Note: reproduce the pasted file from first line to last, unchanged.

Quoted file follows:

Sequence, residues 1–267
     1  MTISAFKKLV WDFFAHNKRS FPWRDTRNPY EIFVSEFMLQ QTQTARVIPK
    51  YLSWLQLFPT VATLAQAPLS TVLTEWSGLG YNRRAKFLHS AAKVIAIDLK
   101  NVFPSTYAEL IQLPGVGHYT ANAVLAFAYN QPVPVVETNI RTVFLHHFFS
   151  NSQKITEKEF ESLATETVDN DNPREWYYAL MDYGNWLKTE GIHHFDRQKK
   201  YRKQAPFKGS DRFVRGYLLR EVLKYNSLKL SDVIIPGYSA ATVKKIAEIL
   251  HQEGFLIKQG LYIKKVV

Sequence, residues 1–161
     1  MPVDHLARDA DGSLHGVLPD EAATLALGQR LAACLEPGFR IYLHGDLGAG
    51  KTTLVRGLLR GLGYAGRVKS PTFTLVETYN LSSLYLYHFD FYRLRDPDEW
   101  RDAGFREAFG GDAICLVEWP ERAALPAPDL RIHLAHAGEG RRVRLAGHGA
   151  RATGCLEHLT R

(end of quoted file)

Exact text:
Sequence, residues 1–267
     1  MTISAFKKLV WDFFAHNKRS FPWRDTRNPY EIFVSEFMLQ QTQTARVIPK
    51  YLSWLQLFPT VATLAQAPLS TVLTEWSGLG YNRRAKFLHS AAKVIAIDLK
   101  NVFPSTYAEL IQLPGVGHYT ANAVLAFAYN QPVPVVETNI RTVFLHHFFS
   151  NSQKITEKEF ESLATETVDN DNPREWYYAL MDYGNWLKTE GIHHFDRQKK
   201  YRKQAPFKGS DRFVRGYLLR EVLKYNSLKL SDVIIPGYSA ATVKKIAEIL
   251  HQEGFLIKQG LYIKKVV

Sequence, residues 1–161
     1  MPVDHLARDA DGSLHGVLPD EAATLALGQR LAACLEPGFR IYLHGDLGAG
    51  KTTLVRGLLR GLGYAGRVKS PTFTLVETYN LSSLYLYHFD FYRLRDPDEW
   101  RDAGFREAFG GDAICLVEWP ERAALPAPDL RIHLAHAGEG RRVRLAGHGA
   151  RATGCLEHLT R